This last question, I can venture to answer in non-diagetical terms. The compass apparently points to what a person most wants. Now, I don't think the purpose here is to provide an additional layer to Sparrow's character by showing him to be a man of conflicted desires, rather, the idea is to get the compass into the hands of the lovely Elizabeth and stir up some trouble. Suddenly, the compass seems to be pointing to none other than Captain Jack! This occasions some confusion on the part of the young heroine. Doesn't she love Will the mostest? Is she really pining after Jack Sparrow (honestly, who in their right mind wouldn't be?)? I was waiting for it to turn out that it was actually pointing to Will after all, but nope, instead, the sizzling sexual tension between Johnny Depp and Keira Knightley seems to be developing into something a bit more serious. Elizabeth, formerly as morally uptight as her adorable fiancee, seems, in the process of getting to be more of a badass, to have developed the same ambiguous moral status as the delightful pirate captain. She's manipulative and calculating, and deliciously tempting. Of course, when the shit hits the fan, she's just as liable to scream like a little girl, fall over a lot, and hide behind the toughest man in sight as she is to run some fools through with a sword, but what can you do. Interestingly, the movie at first seems to be allowing her to use her feminine wiles as a powerful weapon, but then has this curious scene where she tries to stop the (somewhat silly) three way duel between Jack, Will and the Commodore with various girlish tricks that utterly fail. Because men will always be more interested in sword fighting than fainting women, doll. But to get back to the original point, the compass is our most explicit pointer to this blooming love triangle. Will she go with the roguish captain, or the nice guy? I'm glad that the movie allows the nice guy to also be a badass, even if he can't do it in the same flamboyant style. But it makes the choice between the two men more tricky than it normally would be in such films.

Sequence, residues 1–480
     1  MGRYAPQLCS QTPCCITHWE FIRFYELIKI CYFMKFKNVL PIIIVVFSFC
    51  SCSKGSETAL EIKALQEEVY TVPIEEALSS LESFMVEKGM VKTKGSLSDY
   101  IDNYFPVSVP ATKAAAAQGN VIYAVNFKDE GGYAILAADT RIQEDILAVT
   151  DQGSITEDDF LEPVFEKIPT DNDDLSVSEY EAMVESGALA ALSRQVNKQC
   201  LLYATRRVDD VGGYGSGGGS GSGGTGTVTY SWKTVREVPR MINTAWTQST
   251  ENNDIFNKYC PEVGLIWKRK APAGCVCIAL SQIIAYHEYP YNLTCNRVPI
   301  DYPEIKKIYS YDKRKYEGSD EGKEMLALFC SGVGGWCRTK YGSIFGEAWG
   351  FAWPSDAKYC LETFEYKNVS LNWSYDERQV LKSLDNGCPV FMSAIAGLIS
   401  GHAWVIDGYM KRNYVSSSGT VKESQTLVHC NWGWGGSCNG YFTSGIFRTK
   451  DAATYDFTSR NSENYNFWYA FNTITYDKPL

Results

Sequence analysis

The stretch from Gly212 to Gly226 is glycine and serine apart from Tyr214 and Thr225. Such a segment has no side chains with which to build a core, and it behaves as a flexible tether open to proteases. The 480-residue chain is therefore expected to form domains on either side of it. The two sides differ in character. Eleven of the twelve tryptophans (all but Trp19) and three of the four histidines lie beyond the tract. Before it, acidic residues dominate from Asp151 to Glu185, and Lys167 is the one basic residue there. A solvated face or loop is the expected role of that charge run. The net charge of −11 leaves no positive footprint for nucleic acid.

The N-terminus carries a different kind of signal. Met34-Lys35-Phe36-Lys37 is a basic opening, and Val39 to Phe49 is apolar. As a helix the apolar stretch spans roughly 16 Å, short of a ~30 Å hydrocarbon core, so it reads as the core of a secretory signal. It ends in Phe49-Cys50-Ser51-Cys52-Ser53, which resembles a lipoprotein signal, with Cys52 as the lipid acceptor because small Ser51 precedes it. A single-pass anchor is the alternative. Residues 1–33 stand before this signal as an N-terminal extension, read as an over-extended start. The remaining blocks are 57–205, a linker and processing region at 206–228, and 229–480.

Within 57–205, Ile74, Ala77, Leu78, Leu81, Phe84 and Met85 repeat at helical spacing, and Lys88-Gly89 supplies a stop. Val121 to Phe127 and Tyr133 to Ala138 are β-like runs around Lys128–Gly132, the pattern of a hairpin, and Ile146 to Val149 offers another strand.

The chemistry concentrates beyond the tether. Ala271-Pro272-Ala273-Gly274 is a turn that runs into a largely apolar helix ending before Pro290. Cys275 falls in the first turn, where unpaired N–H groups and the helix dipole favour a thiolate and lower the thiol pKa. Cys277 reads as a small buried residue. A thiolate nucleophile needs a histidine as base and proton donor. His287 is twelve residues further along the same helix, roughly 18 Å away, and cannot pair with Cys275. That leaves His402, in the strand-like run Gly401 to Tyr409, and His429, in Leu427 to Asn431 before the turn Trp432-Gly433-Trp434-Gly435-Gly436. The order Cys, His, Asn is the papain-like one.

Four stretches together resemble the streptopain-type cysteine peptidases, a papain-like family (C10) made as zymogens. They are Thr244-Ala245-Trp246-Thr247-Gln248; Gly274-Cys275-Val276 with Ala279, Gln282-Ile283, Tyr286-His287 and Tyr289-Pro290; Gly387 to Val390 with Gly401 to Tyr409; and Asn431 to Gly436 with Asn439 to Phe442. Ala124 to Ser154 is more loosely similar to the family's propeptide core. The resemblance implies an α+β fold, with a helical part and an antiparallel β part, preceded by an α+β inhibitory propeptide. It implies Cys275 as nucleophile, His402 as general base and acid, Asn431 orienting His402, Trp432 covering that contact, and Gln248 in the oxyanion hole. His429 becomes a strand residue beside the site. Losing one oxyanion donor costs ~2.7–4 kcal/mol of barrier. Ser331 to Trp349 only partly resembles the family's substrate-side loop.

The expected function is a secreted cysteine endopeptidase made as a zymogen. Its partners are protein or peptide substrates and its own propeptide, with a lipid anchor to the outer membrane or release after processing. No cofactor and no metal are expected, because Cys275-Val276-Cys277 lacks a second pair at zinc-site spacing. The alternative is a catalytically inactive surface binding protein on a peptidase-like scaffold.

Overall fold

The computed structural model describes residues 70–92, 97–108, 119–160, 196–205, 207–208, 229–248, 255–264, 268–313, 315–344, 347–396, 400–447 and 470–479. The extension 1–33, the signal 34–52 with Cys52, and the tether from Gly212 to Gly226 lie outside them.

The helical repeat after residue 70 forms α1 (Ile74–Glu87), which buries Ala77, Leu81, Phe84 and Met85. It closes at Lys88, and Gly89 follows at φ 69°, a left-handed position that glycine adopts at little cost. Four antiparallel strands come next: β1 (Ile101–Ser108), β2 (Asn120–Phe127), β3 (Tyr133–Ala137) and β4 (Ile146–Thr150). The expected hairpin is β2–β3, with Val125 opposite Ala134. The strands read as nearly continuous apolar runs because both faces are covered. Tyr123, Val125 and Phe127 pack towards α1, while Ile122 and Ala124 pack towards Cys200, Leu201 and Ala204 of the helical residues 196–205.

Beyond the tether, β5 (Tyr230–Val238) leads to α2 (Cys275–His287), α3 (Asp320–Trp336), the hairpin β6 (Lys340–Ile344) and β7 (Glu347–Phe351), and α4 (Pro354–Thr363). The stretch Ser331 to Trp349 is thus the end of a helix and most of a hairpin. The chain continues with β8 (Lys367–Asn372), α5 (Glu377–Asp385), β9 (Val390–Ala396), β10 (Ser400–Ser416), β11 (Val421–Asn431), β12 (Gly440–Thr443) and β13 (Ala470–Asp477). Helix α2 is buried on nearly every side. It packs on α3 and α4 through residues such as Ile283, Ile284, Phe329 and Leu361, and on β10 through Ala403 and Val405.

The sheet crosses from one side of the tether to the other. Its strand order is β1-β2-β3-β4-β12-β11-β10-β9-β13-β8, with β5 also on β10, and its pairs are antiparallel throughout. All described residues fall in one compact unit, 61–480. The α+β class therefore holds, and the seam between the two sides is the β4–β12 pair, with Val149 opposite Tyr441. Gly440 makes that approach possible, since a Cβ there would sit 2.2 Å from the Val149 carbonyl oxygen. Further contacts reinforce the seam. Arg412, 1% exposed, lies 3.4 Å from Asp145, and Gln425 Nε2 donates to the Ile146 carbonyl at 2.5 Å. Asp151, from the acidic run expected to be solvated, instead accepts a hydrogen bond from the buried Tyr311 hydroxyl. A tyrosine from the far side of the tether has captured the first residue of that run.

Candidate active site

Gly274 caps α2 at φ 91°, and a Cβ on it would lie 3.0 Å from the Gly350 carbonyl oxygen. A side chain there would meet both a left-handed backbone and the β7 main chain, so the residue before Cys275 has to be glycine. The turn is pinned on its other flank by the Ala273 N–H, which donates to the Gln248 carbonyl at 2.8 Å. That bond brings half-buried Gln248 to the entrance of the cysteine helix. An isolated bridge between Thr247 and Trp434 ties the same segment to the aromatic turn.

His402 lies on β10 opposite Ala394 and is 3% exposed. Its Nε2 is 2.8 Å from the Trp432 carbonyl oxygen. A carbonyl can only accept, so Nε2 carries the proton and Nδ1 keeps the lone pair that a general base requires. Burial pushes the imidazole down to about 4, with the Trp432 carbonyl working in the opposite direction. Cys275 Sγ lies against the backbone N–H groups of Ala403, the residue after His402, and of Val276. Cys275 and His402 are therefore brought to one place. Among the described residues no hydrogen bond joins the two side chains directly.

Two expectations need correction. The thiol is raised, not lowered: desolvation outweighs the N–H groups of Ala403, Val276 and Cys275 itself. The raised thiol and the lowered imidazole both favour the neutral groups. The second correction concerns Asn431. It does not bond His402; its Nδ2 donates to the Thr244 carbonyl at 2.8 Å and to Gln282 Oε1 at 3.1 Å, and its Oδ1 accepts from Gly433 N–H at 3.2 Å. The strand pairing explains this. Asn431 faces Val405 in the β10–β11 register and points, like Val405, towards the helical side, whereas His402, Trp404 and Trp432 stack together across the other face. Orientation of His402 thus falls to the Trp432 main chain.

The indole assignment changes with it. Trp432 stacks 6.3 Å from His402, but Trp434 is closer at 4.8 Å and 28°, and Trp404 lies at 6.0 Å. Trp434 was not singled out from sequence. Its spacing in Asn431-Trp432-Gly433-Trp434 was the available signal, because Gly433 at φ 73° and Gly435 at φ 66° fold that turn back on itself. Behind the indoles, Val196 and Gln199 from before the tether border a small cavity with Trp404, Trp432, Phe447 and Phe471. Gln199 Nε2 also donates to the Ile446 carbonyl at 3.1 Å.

Interestingly, though, I suspect that Elizabeth's betrayal lost her a lot of fans. This is interesting, because structurally, it actually works to show her similarity to Jack - it's EXACTLY the kind of thing he'd do. And he knows it, which is why he looks at her with adoring eyes the minute he realizes what's up. I really enjoyed the subtle exploration of pirate morality that this movie offered, and the way it problematizes the typical hero/villain dichotomy.

Because all plot confusion aside, I really enjoyed this movie. Of course. It's a blast. It's fantastically over the top and unapologetically ridiculous. There are these fantastic Waiting for Godot bits where these two pirates go all meta that are hilarious. The dialogue is clever, the action scenes are completely preposterous, the special effects are totally neato (those squidmen man, wow), and it's a great time. And even though the plot doesn't make sense, you don't care, because the movie doesn't take itself seriously anyhow (unlike, say The Departed). Which isn't to say that it doesn't have substance, or even a kind of depth. But it's one of those movies that's meant to be a good time, and is, and if the plot not making sense really bothers you, then go be a grumpass at some other movie, because this one is a damn good time.